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Parliament paves way for Swiss to join international court

The jurisdiction of the International War Crimes Tribunal is limited to Rwanda and former Yugoslavia

(Keystone Archive)

The House of Representatives has approved a government proposal for Switzerland to become a member of the planned International Court of Justice.

The House on Tuesday came out in favour of joining the international court by 135 to 26 votes. It rejected calls by the right-wing Swiss People's Party to put the issue to a nationwide vote.

The Senate has still to discuss the proposals.

The court, to be based in The Hague, will have jurisdiction on cases of genocide, war crimes, and crimes against humanity. More than 130 countries have already approved the setting up of the court, and so far 29 of them have ratified the membership documents.

At least 60 countries must formally ratify their membership of the court, before it can become operational.

The court will only rule on a complementary basis, for instance if the justice system in a member country is not functioning properly.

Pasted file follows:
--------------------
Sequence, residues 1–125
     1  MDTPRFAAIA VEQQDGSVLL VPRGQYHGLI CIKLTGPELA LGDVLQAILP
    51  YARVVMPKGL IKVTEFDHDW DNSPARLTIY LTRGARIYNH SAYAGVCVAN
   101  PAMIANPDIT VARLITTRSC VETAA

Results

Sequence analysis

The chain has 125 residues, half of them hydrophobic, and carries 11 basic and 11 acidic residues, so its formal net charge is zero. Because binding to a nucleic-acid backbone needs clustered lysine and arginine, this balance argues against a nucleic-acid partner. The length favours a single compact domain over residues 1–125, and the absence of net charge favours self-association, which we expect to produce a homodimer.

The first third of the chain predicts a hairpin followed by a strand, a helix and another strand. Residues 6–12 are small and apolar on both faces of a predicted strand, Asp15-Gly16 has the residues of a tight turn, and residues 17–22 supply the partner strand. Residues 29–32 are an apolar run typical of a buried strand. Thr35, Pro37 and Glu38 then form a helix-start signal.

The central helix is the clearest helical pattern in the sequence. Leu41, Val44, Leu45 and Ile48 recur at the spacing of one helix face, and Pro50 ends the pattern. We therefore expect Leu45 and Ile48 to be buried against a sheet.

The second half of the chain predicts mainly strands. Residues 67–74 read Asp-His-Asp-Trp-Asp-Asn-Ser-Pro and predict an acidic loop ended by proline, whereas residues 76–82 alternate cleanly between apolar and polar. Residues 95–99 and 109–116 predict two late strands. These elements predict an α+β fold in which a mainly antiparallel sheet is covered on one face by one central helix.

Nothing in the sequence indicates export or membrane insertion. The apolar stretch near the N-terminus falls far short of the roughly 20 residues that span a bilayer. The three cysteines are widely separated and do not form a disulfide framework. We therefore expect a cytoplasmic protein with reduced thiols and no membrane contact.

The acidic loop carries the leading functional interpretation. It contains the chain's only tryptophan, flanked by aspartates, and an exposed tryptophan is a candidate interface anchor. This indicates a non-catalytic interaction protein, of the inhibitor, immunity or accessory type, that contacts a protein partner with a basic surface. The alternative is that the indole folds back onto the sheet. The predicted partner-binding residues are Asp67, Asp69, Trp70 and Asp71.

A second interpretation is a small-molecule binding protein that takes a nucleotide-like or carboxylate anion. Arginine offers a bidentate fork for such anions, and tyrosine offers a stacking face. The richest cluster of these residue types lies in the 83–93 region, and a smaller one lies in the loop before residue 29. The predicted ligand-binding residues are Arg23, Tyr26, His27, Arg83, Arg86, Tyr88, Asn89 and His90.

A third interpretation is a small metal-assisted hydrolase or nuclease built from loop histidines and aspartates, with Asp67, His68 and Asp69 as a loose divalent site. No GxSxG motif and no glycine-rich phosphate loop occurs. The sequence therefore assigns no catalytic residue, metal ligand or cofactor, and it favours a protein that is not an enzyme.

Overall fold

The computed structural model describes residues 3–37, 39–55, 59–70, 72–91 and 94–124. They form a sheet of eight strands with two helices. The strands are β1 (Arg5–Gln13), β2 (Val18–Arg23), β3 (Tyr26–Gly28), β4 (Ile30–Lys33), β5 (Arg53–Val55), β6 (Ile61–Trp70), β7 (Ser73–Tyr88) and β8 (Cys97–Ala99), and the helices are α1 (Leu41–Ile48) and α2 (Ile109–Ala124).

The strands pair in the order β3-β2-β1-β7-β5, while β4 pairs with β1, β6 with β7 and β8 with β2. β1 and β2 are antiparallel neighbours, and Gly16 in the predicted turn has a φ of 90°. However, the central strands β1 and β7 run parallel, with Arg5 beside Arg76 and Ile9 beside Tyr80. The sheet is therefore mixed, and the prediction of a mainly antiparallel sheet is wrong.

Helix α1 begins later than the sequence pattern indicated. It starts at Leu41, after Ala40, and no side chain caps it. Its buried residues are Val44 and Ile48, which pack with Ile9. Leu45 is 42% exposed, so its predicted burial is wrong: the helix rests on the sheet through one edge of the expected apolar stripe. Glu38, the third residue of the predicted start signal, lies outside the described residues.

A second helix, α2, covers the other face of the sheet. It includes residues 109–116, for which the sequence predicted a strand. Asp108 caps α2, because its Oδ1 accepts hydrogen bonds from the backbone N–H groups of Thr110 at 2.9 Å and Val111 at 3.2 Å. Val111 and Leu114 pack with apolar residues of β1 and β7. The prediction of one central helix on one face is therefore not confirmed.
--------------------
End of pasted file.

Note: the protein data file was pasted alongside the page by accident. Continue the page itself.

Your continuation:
The Swiss foreign minister, Joseph Deiss, reiterated that membership of the court would benefit Switzerland's reputation in the world and help to promote human rights.

He added that the government wanted to have a say in the election of judges to the court.

Opponents, mainly from the right-wing People's Party warned that membership of the Court would infringe upon Swiss law, and called for a mandatory nationwide ballot on the issue, but were voted down.

The International Court of Justice would be distinct from the existing International War Crimes Tribunal, whose jurisdiction is limited to the former Yugoslavia and Rwanda. Switzerland's Carla del Ponte is chief prosecutor of the tribunal.

by Urs Geiser


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